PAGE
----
In recent decades, income inequality has increased in almost all OECD countries. The average income of the richest 10% of the population today is about nine times as high as the average income of the poorest 10%. Twenty-five years ago, it was seven times as high. While overall prosperity has increased in recent decades, growth has not been just, and not everyone has benefited.
Greater inequality fuels distrust, discontent and right-wing populism. Individuals whose income has grown less than others’ more often support radical right-wing parties, a new European study shows. The inclination to support these parties is greater among individuals who perceive their own income to be low if they live in a country where income inequality has increased more.
A Swedish study found that lay-off notifications among native-born workers in Sweden after the 2009 financial crisis led to increased support for the Swedish far-right nationalist party, the Sweden Democrats. This effect was greater in areas where a large share of low-skilled immigrants had moved. Another new Swedish study found that the Sweden Democrats have been particularly successful in areas where a larger proportion of the population are economic “losers” compared to the rest of the population.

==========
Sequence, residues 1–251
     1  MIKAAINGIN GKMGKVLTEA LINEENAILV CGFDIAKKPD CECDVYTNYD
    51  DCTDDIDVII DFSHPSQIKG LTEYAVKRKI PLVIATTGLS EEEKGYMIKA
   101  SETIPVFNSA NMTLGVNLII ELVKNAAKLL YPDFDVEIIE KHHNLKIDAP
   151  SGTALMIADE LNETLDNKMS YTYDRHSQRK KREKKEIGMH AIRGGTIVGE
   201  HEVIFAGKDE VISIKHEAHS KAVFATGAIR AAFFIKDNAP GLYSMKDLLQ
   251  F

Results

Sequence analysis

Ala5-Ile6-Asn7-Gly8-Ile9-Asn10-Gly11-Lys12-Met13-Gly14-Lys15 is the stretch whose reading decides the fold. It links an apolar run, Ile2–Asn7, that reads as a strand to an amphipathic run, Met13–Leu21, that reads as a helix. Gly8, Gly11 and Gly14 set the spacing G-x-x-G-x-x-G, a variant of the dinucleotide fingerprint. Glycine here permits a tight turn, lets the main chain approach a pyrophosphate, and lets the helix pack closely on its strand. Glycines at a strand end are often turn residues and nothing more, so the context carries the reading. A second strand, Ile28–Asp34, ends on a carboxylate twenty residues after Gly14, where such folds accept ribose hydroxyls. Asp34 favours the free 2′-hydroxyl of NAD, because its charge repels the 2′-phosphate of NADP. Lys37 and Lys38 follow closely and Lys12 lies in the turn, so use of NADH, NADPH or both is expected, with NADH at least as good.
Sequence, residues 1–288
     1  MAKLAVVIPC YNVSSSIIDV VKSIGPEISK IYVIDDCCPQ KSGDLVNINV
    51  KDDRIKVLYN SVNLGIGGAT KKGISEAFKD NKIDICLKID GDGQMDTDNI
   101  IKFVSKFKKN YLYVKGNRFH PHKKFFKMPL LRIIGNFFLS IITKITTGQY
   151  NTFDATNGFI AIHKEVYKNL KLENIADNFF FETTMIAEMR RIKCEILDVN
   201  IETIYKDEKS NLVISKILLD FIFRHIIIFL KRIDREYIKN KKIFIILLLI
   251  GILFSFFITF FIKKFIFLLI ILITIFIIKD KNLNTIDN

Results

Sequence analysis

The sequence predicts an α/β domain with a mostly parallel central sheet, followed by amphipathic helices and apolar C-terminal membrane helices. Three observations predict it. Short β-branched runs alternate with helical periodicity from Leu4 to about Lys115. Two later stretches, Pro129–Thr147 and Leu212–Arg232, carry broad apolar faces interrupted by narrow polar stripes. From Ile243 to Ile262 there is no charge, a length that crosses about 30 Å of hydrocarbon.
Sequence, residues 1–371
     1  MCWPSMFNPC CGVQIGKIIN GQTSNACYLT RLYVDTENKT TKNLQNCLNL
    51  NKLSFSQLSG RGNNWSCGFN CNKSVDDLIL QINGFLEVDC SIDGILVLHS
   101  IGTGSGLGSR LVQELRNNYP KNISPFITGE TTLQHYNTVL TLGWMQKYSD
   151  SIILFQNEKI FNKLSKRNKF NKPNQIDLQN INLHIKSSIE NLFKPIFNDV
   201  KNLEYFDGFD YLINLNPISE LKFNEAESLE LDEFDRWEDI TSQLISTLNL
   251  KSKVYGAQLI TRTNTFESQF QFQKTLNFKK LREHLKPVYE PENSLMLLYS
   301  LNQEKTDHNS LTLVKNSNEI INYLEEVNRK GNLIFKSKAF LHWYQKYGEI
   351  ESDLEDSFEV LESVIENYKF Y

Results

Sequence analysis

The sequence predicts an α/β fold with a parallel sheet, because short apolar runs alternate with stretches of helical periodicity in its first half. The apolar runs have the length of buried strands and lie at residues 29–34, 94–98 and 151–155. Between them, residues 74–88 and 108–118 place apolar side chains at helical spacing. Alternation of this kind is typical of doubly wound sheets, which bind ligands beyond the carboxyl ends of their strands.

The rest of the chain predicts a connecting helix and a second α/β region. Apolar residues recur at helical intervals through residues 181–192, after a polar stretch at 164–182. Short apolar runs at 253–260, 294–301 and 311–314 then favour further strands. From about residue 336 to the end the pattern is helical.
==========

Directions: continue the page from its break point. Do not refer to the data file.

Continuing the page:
In some countries, the reaction against increasing inequality is taking the form of demand for a stronger national state that detaches itself from international market relations. We see this most clearly in the US and the UK. Both countries are closing themselves off from the rest of the world: the US, by terminating and renegotiating trade agreements, and the UK, by leaving the EU.
It is not just liberal democracy that risks crisis when inequality increases. We are now facing one of humanity’s greatest challenges – the climate threat. Curbing the global rise in temperature demands difficult changes, costly measures and international cooperation. But for action to be possible, the transition to a low-carbon economy requires that costs are shared, and that economic prosperity is more equally divided.
If those who have already fallen behind also have to bear the cost of transition, there is an imminent risk that we will fail in this historically important task. When, as is the case in France, over 20% of the recent decades’ GDP growth has gone to the richest 1% (more than the share of the entire lower half of the income distribution), a proposed increase in the price of fuel becomes a provocation.